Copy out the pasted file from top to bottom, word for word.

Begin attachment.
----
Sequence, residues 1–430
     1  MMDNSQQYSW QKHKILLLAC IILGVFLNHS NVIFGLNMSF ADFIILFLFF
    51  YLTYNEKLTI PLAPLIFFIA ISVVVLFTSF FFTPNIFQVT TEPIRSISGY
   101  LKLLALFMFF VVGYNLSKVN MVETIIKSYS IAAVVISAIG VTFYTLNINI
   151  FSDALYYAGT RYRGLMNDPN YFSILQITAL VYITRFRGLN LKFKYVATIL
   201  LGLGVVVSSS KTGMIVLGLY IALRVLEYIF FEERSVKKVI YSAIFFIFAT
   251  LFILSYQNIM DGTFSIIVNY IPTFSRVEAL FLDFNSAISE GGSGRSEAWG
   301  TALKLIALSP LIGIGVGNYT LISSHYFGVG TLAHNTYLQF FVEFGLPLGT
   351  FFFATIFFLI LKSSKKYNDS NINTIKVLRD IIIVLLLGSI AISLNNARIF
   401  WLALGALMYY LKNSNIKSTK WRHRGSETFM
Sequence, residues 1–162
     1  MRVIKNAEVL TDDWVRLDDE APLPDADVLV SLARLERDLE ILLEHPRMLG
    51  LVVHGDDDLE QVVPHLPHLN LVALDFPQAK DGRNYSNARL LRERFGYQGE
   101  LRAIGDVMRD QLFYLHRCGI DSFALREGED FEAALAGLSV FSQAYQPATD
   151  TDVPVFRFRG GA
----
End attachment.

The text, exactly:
Sequence, residues 1–430
     1  MMDNSQQYSW QKHKILLLAC IILGVFLNHS NVIFGLNMSF ADFIILFLFF
    51  YLTYNEKLTI PLAPLIFFIA ISVVVLFTSF FFTPNIFQVT TEPIRSISGY
   101  LKLLALFMFF VVGYNLSKVN MVETIIKSYS IAAVVISAIG VTFYTLNINI
   151  FSDALYYAGT RYRGLMNDPN YFSILQITAL VYITRFRGLN LKFKYVATIL
   201  LGLGVVVSSS KTGMIVLGLY IALRVLEYIF FEERSVKKVI YSAIFFIFAT
   251  LFILSYQNIM DGTFSIIVNY IPTFSRVEAL FLDFNSAISE GGSGRSEAWG
   301  TALKLIALSP LIGIGVGNYT LISSHYFGVG TLAHNTYLQF FVEFGLPLGT
   351  FFFATIFFLI LKSSKKYNDS NINTIKVLRD IIIVLLLGSI AISLNNARIF
   401  WLALGALMYY LKNSNIKSTK WRHRGSETFM
Sequence, residues 1–162
     1  MRVIKNAEVL TDDWVRLDDE APLPDADVLV SLARLERDLE ILLEHPRMLG
    51  LVVHGDDDLE QVVPHLPHLN LVALDFPQAK DGRNYSNARL LRERFGYQGE
   101  LRAIGDVMRD QLFYLHRCGI DSFALREGED FEAALAGLSV FSQAYQPATD
   151  TDVPVFRFRG GA